White Sox ‘can’t get complacent’on June 1, 2021 at 1:55 am

CLEVELAND — There are wins the White Sox will put a star next to as they slog through the 162 games that take them to a postseason they fully intend to make.

Their 8-6 victory in eight innings in Game 1 of a doubleheader Monday against the Indians, perhaps their biggest worry in the AL Central, was one of those.

“Any team that gets to the World Series, you kind of look back at wins like this where you don’t really want to be denied,” said right fielder Adam Eaton, who returned after resting his sore legs for the last four games by launching a two-run homer in the eighth. “You kind of come to the park wanting to win, expecting to win and when you get in those one-run ballgames, you just know someone’s going to do it.”

There’s usually a good chance Jose Abreu will be that someone, and the reigning MVP collected his league leading 46th RBI with a line sacrifice fly to left field in the eighth, breaking a tie with free runner Billy Hamilton on third base. Facing righty James Karinchak, one of the toughest relievers in baseball in the first two months of the season — and in the 5 o’clock shadows at Progressive Field — Abreu delivered on an eight-pitch of an at-bat manager Tony La Russa raved about.

“That at-bat by Abreu, it would be tied for first for one of the greatest I’ve seen against a pitcher of that caliber in that kind of situation,” La Russa said. “I’ll never forget it. The fans will never forget it.

“The toughness and concentration and the ability to put it into play someplace. There are really good RBI guys and there are great RBI guys. Abreu is great.”

Eaton followed with a homer, and Aaron Bummer pitched the eighth for his first save before the Indians beat prospect Jimmy Lambert in a 3-1 victory in Game 2. The Sox were 1-for-6 with runners in scoring position against starter Cal Quantrill and four relievers who pitched scoreless ball in the nightcap.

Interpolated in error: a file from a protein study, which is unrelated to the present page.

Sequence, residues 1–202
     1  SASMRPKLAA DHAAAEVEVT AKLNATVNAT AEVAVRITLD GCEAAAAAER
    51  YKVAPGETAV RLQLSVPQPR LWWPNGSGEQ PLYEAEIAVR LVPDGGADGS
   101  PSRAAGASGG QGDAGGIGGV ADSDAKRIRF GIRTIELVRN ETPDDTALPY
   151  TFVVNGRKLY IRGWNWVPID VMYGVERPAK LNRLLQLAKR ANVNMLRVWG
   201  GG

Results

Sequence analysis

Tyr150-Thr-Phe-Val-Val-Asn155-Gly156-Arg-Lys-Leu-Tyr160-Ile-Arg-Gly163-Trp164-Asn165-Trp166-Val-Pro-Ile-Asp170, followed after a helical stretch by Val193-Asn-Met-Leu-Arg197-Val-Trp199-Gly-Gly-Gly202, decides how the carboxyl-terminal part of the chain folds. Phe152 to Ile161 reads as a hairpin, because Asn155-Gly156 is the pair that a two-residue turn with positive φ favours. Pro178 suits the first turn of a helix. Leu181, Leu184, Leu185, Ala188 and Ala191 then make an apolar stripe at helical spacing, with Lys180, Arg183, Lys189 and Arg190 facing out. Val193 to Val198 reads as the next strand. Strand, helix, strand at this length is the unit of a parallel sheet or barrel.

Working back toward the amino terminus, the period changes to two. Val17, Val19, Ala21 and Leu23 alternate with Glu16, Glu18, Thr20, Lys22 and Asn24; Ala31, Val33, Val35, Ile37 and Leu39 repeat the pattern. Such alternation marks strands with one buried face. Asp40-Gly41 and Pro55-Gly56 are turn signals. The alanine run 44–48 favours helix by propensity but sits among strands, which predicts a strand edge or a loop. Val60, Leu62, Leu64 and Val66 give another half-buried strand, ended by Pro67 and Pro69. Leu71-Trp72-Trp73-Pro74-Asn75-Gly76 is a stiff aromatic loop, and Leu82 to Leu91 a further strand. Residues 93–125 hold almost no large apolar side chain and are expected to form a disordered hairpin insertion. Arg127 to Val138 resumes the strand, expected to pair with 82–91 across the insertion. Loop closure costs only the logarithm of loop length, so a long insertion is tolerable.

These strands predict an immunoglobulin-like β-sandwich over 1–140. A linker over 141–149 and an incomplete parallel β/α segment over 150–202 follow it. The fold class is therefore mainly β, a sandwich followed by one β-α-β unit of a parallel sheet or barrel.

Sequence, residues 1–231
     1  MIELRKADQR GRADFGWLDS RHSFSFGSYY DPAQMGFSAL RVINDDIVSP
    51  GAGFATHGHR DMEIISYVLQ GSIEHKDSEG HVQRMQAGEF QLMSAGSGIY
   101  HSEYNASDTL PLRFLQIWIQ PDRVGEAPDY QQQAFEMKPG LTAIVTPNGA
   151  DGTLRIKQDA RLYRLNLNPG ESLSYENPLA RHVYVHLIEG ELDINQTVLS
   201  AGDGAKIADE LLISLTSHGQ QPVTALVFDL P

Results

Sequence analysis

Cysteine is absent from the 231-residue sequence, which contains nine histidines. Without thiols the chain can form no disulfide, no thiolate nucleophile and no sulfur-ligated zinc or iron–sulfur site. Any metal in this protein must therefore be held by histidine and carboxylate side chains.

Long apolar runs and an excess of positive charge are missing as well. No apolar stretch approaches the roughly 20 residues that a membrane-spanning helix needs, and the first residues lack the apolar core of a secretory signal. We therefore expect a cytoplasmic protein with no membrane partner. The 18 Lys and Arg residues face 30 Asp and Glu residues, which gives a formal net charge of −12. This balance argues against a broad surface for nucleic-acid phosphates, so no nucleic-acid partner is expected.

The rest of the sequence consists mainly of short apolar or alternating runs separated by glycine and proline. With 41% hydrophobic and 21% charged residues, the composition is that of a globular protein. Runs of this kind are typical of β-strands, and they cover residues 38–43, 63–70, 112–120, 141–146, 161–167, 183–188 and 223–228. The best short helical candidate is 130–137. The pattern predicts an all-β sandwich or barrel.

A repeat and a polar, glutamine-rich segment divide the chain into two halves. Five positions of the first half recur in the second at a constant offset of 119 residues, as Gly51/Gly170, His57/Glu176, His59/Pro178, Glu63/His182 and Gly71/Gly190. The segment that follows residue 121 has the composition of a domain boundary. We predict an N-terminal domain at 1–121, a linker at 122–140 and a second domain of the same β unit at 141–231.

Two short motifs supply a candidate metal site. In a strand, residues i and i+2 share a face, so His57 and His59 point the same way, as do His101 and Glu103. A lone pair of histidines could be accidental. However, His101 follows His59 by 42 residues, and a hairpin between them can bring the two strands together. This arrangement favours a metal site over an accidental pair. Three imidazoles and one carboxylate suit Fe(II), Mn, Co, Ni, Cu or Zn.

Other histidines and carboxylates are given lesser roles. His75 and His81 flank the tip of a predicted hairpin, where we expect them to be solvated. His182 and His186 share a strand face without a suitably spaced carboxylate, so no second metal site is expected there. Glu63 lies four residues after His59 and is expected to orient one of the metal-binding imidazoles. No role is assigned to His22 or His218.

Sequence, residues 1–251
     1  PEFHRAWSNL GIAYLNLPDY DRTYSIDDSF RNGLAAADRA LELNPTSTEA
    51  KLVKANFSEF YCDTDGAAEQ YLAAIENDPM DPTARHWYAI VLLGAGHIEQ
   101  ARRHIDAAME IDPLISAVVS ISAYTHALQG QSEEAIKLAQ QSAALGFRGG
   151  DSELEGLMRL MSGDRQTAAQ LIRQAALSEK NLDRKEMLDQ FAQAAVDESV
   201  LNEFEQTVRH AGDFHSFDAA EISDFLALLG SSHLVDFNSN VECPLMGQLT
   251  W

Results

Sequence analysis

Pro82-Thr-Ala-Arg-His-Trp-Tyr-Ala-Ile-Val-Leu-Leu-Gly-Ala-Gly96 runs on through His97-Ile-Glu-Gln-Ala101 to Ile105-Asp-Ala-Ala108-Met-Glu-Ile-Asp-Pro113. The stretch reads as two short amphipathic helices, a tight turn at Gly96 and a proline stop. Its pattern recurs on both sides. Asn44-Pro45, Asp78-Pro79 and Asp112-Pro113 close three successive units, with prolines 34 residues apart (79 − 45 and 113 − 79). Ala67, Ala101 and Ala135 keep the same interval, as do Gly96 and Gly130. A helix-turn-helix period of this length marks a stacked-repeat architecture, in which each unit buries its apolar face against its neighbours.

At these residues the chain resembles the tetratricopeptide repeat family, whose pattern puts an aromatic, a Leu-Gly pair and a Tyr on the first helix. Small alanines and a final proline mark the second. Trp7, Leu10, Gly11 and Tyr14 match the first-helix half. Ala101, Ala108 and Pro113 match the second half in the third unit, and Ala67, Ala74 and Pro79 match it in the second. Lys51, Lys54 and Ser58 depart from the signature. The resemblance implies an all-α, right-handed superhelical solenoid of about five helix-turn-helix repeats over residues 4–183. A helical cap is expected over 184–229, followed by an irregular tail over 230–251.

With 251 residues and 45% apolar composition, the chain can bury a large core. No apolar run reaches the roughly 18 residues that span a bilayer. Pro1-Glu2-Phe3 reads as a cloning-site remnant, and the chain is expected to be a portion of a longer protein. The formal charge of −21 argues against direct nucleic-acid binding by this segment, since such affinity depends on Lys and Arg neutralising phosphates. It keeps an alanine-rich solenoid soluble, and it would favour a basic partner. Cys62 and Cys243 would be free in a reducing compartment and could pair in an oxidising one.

The Game 1 “that was a whole eight innings of character,” as La Russa described it, prevented the Sox from getting swept by a team they want to keep in their rearview mirror.

“So much happened in that game,” La Russa said, including Abreu starting a double play and running on a 3-2 pitch with Yermin Mercedes to keep the Sox out of a double play and more when second baseman Cesar Hernandez’s backhand flip bounced off his helmet, allowing a run to score in the fifth.

So much of the season is left, reminded Yoan Moncada, who endured losing seasons when he broke in with the team and is taking nothing for granted despite the Sox’ favored status in their division.

The loss in the nightcap, in which the Sox were 1-for-6 with runners in scoring position, was their second defeat in nine games since getting swept by the Yankees.

“We have a good team. But we can’t be too complacent,” said Moncada, who had three hits including a double in the doubleheader and is the team’s leader with 2.4 wins above replacement per Baseball Reference. “We have to keep working hard, keep doing our thing because it’s a long season and we want to win it all. It was good what happened last weekend [sweeping the Orioles in four games], but there’s still plenty of season in front of us. We have to keep grinding.”

The Sox are 33-21 and lead the Indians through the first two months of the season. They were 14-11 in April and 19-10 in May.

It’s on to June, with four months of the regular season left.

“It’s very early still,” said Eaton, who played on a World Series winner with the Nationals. “Anybody can do it for two months, you’ve to to do it for six-plus.”

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